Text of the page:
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On Tasting
The Barossa Wine Show Public Tasting 19th September
Part 3 of the Barossa Tastings

Monday, 4th January, 2010  - David Farmer

I knew a lot more than the judges about the rows and rows of wines set out before me. I knew what the wines were as I had a programme and I also knew the judges scores. The other thing to remember about this show is that should there ever be a Wine Tasting Olympics the Barossa would be its own country such is the enormous depth of talent that lives there.

When these judges front the day to day varieties which they make and taste regularly, they mow the wines down with great ease and you would want to be very confident indeed at a later tasting to propose that this or that wine was overlooked. Getting in the way of these judges when they are in full flight can cause serious injury. And the Associates would look good as senior judges at any tasting around Australia.

So I tasted the riesling, chardonnay, shiraz and cabernet classes of various vintages with interest and many an expensive wine with a low score I tasted and nodded agreement. It would be very hard to complain with the judging though scores do bounce around from show to show. A wine we noted at the Small Winemakers in Part1, the Schutz Barossa Red Nectar Shiraz 2007 was given a bronze at 15.7 while it received 4.5 Stars in Winestate which equates to a point score of 18-18.4. It was in an incredibly strong class so I thought the bronze was about right.

I mentioned the Sons of Eden wines at the Artisans Tasting Part 2 and they did really well with the Remus getting gold and the Romulus silver. Of others that I thought would point highly, some did and others did not.

I wandered over to have a look at Class 9; Dry Red Varietal Shiraz Vintage 2008 because of the judge's comments on the gold's which went: "Wine 15 (Charles Cimicky Reserve Shiraz) shows a lot of quality oak, but has the fruit to carry it. Wine 27 (Kellermeister Black Sash Shiraz) is a totally different style, relying more on sharply focused fruit." Indeed the Kellermeister is a voluptuous style which I'm very keen about. We will see many more wines made this way and I get more and more the feeling that to really express the character of the vineyard site, oak has almost no role. Can we make interesting, tasty reds with no oak-I think we can and I also think we have consumers who now want young, fruit driven reds.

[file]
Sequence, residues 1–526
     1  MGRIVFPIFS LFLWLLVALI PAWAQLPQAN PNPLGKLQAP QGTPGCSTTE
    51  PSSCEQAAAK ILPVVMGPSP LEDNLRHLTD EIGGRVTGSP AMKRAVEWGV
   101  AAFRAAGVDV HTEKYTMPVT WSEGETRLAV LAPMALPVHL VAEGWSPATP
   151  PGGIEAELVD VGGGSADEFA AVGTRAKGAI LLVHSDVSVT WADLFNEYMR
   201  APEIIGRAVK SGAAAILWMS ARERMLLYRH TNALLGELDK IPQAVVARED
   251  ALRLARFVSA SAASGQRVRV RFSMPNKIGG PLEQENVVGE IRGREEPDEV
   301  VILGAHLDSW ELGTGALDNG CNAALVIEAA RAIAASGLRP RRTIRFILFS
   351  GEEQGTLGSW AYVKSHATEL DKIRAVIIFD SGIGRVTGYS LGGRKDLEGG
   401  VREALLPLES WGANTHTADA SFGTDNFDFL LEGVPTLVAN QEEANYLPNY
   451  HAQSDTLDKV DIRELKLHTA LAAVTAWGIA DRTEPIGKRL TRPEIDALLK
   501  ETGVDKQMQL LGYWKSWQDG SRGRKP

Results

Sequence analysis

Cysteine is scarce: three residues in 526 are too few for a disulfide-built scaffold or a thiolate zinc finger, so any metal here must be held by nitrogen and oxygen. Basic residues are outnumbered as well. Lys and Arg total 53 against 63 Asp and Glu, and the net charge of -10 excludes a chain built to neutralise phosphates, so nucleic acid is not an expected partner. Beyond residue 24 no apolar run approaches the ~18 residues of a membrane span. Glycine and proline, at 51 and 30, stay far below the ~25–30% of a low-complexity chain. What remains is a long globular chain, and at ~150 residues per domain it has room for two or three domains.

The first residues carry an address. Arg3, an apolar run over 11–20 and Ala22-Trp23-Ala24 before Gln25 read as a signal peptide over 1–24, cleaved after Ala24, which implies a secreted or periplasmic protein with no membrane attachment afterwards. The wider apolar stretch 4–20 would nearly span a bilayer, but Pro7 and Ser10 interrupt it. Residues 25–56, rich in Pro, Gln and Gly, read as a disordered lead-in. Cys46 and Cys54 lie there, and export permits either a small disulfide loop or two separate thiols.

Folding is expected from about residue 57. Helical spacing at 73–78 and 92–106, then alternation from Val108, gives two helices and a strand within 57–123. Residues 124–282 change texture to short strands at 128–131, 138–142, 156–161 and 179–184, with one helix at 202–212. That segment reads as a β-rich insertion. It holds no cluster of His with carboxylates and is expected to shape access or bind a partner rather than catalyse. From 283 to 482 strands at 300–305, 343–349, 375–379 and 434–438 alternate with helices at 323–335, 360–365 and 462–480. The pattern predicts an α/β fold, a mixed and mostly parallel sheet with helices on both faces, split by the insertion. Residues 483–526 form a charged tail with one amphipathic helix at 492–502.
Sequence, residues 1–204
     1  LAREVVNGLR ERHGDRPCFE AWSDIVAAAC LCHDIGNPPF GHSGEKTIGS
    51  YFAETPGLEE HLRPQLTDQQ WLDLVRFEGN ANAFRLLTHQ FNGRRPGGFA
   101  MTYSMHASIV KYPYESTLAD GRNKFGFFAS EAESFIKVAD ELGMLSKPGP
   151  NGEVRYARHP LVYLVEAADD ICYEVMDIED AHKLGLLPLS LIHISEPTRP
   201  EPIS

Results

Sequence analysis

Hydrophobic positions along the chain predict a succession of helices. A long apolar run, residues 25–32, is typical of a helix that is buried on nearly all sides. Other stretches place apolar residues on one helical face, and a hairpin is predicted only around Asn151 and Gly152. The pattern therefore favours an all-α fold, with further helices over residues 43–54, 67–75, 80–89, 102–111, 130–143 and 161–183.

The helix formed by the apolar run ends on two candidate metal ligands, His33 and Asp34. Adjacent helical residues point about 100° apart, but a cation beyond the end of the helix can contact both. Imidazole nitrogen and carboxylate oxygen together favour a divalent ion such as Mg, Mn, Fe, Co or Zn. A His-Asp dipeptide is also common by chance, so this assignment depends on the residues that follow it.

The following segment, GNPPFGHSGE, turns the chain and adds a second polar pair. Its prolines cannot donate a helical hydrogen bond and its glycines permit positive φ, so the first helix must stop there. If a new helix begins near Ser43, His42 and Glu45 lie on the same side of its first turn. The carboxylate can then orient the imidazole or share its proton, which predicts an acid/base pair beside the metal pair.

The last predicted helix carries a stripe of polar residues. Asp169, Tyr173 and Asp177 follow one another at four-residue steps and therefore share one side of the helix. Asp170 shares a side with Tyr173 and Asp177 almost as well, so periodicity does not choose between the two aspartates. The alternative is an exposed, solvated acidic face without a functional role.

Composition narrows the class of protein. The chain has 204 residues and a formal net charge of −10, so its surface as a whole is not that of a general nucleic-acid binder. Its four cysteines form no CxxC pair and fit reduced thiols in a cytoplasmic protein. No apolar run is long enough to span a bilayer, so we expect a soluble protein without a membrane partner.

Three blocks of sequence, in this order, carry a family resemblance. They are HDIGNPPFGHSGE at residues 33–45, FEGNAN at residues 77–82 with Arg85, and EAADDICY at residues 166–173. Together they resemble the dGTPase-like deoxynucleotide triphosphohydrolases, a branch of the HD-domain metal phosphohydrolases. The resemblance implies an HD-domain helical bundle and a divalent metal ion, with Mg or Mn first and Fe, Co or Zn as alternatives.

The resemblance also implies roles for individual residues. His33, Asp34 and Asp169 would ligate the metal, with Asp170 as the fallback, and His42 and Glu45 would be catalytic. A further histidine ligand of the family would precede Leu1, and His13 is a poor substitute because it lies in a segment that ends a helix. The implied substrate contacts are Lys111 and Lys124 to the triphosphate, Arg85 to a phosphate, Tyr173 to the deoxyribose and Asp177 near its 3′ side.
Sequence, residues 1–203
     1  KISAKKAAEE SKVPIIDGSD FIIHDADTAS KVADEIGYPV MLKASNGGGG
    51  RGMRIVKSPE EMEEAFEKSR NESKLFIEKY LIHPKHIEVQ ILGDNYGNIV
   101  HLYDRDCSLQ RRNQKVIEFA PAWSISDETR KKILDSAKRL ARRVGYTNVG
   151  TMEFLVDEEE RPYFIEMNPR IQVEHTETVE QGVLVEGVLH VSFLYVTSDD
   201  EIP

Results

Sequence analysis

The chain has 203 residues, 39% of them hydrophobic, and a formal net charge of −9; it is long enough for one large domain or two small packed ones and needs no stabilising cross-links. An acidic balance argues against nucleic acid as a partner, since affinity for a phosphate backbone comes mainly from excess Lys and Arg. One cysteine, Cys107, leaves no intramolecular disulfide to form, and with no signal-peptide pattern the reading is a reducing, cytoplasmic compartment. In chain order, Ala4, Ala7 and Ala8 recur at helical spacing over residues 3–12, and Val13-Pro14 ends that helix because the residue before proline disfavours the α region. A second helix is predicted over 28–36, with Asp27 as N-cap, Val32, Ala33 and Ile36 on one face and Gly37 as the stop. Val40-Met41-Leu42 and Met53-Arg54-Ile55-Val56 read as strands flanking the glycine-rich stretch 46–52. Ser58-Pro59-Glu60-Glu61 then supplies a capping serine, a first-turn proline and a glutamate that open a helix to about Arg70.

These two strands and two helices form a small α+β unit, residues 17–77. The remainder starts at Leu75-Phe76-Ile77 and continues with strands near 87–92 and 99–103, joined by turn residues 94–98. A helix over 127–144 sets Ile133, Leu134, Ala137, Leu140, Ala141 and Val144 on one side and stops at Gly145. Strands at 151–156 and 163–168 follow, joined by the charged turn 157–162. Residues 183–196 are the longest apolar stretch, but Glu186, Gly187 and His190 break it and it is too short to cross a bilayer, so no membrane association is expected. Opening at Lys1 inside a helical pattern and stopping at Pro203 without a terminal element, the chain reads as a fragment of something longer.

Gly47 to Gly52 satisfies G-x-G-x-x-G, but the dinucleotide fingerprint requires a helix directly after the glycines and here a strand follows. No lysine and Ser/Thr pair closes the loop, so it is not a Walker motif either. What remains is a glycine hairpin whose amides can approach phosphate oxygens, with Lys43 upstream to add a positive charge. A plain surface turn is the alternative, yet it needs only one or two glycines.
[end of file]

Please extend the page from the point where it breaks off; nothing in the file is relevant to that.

So to class 15 where my interest is currently focused, Dry Red, Grenache, Shiraz, Mourvedre Blends, Vintage 2008 and Older. I was very critical of the judging of this class last year and said so in The Missing Trophy at the Barossa Wine Show.

There were 31 entries with 2 gold, 3 silver and 15 bronze awards, so 65% got a medal. Now we are getting somewhere. There were six or seven glorious wines so this judging gives real encouragement to a classic Barossa style.

Class 14 was for Grenache, again a class to be encouraged. Only 16 entries with seven medals. We need more work with this variety and it still fools our best talent with its vagaries. I have seen a few glorious wines, enough to know we must persevere and as I write this note reflect on a recent Samuels Gorge from McLaren Vale which was breathtaking.

Class 16 is everything that does not fit elsewhere and really is beyond effective judging, attracting 81 entries. I spent little time with shiraz, cabernet, merlot and all the variations of how these can be blended often with other varieties as well. Buried under these were some gems such as the Tscharke The Master Montepulciano and the Tscharke The Son though I do not know the variety of the later. Also some promising wines from tempranillo, sangiovese, a Charles Cimicky Durif and others with grenache and mataro. Encouraging wines but what the hell do you make of all these varieties, all clashing with each other? Incidentally keep your eye on Damien Tscharke and Jason Schwarz.

Recently the Advertiser (?) mentioned that the best pizza joint in SA was in Angaston so after the tasting a few of us wandered in and the red ordered was the Yalumba The Scribbler Cabernet Shiraz 2008 which scored a gold in Class 16. I could not see its charms and longed for brightness and freshness of Wine 27 Class 9.

Oh I almost forgot I did look at the rose styles and found a world class load of rubbish. They should hide these wines behind a screen so tasters are not embarrassed reviewing them. The only wine I knew that was made with loving care by a winemaker who was trying to redefine this style, the Teusner Salsa 2008, came stone motherless last but at least it was a nice drink.

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